Within 24 hours of the 11 April 2018 letter from Esther Stanford-Xosei being sent to Heidi Alexander MP and also made available to the office of the Rt Hon Jeremy Corbyn MP, leader of the Labour Party, the Shadow Foreign Secretary, Emily Thornberry, advocates in the House Magazine that Prime Minister Theresa May should use the forthcoming Commonwealth Heads of Government Meeting to apologise for the UK’s historic wrongs. Emily Thornberry also states that, if Labour form the next government in Britain, they will ensure that promoting and engaging with the Commonwealth is one of their top foreign policy priorities. In Esther Stanford-Xosei’s letter to Heidi Alexander she states:
“The fact that BREXIT is making it necessary for the UK Government to seek to strengthen its Commonwealth links in the aftermath of the BREXIT vote raises questions pertinent to Afrikan Reparatory Justice. Among such questions, for example, is the one about what type of relationship is Britain seeking to strengthen with Afrikan and Caribbean countries of the Commonwealth when the existing relationship is not only a product of the crimes of the past, but also fortifies present wrongs of the Maangamizi? So much is this the reality, that in the opinion of the constituencies of the ISMAR to which I belong, this relationship can only be transformed to ensure justice for all, by measures of reparations that will enable Afrikans and people of Afrikan heritage to equitably participate in re-ordering the war-begotten, unequal and unfair system of international relations that continues to be imposed, with manly Euro-American imperial might, upon the globe today.”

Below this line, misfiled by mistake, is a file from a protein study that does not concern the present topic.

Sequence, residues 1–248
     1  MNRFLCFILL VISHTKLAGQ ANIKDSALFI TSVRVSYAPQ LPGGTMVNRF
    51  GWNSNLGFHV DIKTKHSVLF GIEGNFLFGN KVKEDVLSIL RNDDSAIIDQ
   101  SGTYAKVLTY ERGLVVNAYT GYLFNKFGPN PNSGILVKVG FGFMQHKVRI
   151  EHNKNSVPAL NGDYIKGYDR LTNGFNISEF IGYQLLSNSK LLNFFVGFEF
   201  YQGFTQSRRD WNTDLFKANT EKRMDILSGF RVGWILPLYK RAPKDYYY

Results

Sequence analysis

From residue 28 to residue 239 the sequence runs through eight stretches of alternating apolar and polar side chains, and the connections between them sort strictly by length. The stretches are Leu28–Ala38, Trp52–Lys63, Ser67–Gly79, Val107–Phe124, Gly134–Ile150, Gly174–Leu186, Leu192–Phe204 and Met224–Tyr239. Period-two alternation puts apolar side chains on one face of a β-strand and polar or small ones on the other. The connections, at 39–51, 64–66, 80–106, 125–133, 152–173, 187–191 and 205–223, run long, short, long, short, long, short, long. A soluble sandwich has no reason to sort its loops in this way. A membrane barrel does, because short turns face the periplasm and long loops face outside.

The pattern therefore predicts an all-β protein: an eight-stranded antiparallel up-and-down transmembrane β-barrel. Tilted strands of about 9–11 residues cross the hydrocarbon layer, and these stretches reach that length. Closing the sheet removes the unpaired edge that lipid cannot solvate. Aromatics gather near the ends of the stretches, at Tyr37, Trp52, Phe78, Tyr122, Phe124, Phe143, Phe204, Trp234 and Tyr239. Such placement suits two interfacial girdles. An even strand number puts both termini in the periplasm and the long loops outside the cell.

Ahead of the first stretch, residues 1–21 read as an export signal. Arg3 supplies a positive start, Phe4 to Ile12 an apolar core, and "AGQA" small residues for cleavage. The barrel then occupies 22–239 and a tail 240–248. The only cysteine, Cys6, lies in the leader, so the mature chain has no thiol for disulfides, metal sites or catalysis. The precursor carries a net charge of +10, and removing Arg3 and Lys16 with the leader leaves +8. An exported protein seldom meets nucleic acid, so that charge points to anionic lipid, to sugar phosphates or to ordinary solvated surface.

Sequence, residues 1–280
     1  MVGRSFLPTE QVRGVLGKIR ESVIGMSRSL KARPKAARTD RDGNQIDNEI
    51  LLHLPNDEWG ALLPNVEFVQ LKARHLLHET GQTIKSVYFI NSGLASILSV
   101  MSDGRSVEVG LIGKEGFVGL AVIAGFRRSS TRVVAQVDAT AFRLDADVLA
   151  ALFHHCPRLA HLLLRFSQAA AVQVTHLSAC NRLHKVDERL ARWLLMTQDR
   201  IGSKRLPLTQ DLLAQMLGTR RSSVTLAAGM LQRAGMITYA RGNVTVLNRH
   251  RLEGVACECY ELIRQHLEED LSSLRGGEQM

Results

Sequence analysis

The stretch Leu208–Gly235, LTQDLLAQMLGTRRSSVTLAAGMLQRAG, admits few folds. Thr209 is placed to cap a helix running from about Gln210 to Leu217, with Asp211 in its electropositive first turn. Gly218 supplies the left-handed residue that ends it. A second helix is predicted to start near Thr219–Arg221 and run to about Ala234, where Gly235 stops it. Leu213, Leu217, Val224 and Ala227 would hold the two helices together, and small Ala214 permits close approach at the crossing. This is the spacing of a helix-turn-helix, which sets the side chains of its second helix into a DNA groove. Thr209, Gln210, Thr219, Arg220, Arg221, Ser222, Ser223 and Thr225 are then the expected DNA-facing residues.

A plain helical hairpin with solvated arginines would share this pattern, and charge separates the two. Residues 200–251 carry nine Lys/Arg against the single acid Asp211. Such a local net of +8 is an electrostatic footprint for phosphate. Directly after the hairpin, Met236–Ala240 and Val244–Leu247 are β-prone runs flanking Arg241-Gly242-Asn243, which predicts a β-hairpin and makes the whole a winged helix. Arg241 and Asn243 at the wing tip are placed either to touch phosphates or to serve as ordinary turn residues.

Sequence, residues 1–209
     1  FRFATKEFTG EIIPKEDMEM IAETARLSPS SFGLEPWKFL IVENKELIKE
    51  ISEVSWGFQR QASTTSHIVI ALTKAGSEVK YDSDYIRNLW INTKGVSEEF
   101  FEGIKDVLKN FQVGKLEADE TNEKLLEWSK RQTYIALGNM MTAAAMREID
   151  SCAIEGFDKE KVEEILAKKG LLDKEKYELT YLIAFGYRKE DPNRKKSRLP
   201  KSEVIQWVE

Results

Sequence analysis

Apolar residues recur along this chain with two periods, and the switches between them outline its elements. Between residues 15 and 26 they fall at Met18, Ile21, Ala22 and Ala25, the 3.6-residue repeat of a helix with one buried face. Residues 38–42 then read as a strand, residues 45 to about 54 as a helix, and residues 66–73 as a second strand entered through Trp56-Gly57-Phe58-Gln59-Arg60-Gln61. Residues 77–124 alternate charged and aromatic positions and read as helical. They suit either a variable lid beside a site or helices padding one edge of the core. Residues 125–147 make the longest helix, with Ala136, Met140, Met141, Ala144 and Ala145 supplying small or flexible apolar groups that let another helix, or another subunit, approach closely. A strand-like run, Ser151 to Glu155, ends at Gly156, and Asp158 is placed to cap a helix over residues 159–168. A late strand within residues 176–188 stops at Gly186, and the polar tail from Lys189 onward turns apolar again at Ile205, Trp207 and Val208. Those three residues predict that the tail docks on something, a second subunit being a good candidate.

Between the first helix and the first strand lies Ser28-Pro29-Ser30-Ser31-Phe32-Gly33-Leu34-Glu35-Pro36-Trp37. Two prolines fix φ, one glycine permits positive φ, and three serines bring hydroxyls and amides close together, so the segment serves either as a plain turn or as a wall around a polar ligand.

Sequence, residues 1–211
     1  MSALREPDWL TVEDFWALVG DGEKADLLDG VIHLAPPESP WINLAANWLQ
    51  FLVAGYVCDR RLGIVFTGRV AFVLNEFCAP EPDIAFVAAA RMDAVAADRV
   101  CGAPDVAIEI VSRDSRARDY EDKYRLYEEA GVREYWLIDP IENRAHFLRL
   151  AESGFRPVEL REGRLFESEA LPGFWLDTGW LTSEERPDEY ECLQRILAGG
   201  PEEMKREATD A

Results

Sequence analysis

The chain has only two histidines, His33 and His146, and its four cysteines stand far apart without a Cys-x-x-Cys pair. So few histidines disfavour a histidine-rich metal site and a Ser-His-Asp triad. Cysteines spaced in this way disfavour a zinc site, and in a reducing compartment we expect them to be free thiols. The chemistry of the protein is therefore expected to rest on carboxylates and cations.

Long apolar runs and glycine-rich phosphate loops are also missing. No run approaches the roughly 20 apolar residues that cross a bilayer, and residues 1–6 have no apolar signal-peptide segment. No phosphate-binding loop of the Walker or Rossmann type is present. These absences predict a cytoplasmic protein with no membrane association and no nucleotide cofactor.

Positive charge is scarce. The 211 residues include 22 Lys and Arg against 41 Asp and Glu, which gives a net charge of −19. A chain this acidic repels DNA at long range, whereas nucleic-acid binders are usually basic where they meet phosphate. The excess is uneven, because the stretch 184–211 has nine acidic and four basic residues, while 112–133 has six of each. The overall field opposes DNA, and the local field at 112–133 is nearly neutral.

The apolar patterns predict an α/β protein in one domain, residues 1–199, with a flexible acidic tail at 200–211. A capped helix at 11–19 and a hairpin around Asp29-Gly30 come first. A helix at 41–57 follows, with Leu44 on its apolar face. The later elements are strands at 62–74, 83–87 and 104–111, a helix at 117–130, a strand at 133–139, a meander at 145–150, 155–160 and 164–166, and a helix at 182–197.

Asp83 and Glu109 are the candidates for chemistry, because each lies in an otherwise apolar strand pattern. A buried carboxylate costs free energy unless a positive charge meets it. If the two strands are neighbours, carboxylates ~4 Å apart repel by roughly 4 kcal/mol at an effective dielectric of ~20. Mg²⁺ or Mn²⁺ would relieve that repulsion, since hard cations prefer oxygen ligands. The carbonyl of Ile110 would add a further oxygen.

It would appear that Emily Thornberry is in her article also providing an answer to the above question that has been posed, in various arenas, by SMWeCGEC and some other formations of the International Social Movement for Afrikan Reparations (ISMAR) when she states:
“…we see our Commonwealth cousins [not] just as potential trading partners, but [because] we see them as full and equal partners in all of the challenges faced by the world and by each of our nations, from climate change and terrorism to the fight for gender equality.”
We in the SMWeCGEC are of the view that the above comment on behalf of the Labour Party demonstrates that they can be influenced to advance steps towards better listening to the case being made for holistic reparations by authentic Afrikan Heritage Community voices in and beyond the UK who are involved in building the ISMAR. However, this realisation should, under no circumstances. make campaigners for Afrikan reparations lower our guard about critically engaging with the Labour Party and the wider Labour Movement on what repairs ought to mean, so as to enable us make gains of true reparatory justice.